12. Your post has a lot of meaningful info! Thank you for sharing! As for demystifying guns, I couldn’t agree more. Kids need to respect them & know their power. My husband suggested letting your kids see you shoot a melon so that they could see that the exploding damage is REAL and to be RESPECTED.

  13. So great to see someone teaching their kids how to handle firearms! My dad didn’t “get into” guns until I was a bit older, and my fiance wasn’t exposed to guns till he was an adult. We definitely plan to teach our future children how to properly handle guns, as we own (and plan to raise our kids on) a somewhat rural property and it is our main form of protection. Keep up the great work!

    1. Thank you Morgan! So glad to see there are others who are like-minded. I grew up with a hunting family so firearms were always just something that was a part of life and I never wanted to play with them. I really wonder if fear has crept in and most Americans are scared now. Education is key I believe.

  14. We take ours to a very similar gun range, there is never anyone else there but us, and its basically a field out in the middle of nowhere. But really a great place to be able to teach our kids. It is nice to know there are others out there doing the same thing. We have a smaller rifle for the kids to shoot with. We go over all the rules everytime, and they know them well. I grew up in a house where we were taught to be terrified of guns, honestly I think teaching our kids to use them, and use them safely is so much more effective then teaching children to be afraid, or just allowing them to come across them at a friends house and want to play. Our kids know how dangerous they are if used improperly,but also know that they shouldn’t be afraid of them, as they can be very useful if used the right way, not to mention as you said it is a very important right we have.

    1. It’s great to hear your perspective on growing about being afraid of firearms, Sarah! And also wonderful that you’ve turned it around into something positive.

  15. Just stumbled on this post from Pinterest! So well written and exactly how guns should be approached with kids. Thank you for spreading gun education when so many are spreading unnecessary fear.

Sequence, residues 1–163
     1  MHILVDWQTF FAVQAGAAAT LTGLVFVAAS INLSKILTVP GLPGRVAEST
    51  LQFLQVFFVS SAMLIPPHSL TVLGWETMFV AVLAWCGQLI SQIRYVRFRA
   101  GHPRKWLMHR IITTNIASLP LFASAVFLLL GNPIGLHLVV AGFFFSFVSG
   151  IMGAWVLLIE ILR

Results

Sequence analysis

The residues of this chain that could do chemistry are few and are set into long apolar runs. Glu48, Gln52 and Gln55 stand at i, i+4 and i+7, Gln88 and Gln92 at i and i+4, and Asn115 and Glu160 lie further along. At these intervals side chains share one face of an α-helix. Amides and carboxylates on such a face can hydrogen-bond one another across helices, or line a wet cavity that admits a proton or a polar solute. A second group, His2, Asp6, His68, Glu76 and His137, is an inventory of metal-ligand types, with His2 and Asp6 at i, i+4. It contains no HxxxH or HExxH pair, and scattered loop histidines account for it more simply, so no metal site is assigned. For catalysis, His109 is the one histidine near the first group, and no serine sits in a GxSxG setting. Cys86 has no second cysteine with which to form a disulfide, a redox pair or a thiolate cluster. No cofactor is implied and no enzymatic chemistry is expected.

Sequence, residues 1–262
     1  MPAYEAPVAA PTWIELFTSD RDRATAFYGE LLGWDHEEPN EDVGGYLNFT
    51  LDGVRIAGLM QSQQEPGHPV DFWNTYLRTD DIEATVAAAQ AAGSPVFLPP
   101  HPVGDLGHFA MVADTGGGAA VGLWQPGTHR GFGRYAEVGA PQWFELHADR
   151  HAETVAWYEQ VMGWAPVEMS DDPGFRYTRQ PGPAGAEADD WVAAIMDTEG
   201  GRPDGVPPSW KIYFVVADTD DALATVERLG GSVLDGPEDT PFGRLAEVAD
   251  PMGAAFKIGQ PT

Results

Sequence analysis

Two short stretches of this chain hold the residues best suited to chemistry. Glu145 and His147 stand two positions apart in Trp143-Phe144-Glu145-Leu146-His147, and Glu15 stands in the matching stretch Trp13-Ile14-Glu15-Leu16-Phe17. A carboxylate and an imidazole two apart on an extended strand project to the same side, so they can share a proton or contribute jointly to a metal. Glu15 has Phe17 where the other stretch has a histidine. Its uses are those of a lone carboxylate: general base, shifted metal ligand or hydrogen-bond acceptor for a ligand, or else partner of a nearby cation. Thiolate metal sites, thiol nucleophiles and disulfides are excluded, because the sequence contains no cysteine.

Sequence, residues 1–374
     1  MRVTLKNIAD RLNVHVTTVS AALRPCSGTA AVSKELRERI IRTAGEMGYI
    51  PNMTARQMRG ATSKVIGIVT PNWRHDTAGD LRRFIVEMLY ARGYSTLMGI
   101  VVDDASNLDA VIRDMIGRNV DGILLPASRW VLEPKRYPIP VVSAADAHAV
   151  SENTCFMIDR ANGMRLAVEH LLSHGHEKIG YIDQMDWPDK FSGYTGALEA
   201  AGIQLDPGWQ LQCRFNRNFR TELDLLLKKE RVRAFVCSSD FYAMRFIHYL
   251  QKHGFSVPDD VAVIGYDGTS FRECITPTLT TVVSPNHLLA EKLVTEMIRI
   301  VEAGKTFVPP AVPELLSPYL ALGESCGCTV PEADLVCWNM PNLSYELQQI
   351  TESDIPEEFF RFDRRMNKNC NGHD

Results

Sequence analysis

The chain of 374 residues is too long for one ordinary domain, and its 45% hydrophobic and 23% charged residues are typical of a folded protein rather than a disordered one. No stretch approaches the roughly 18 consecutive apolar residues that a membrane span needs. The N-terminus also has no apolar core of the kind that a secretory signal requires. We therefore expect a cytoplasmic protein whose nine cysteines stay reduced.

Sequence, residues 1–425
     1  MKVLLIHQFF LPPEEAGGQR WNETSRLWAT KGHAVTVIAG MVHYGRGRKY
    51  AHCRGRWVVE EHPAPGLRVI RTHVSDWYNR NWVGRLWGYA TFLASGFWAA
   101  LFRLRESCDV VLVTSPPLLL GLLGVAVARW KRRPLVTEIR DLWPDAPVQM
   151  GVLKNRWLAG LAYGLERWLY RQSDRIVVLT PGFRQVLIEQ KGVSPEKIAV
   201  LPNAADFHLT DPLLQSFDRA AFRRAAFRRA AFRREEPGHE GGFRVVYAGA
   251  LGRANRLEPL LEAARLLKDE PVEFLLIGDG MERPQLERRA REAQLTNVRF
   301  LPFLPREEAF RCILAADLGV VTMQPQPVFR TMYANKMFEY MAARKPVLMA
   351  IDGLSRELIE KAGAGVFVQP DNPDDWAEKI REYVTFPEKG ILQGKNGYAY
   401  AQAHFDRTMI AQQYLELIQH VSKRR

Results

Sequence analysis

16. Just stumbled on this post from Pinterest! So well written and exactly how guns should be approached with kids. Thank you for spreading gun education when so many are spreading unnecessary fear.

  17. Another thing I taught my daughter while getting her familiar with gun safety is what to do if guns are pulled out in an emergency situation I think it’s very important they have that knowledge too.

    1. Good point Melissa. We have not addressed this with our children yet, but they do need to be aware and prepared in case something goes awry.

    1. I think it is also important to teach kids what to do if they find a gun unattended or unsecured. Children need to know that they should tell an adult and leave it alone.

  18. Great post. I’m hoping to get my children into competitive shooting. But I’m genuinely curious as to what you define as “gun-loving”?

    1. Hi Cyrena, we also would love to get our kids into competitive shooting when they get a little older. I’m hoping there are more opportunities to do so once we move to Florida. I see such a practical reason for them to learn firearm skills and I see true value in the sport.

      The view of “gun-loving” that I was speaking against is the one that is as portrayed in the media and comes with a VERY negative impression. Basically media portrays that those who are for gun-rights and ownership are angry, religious, and obsessive about firearms. That type of family is “gun-loving” according to media. It’s clearly a negative image.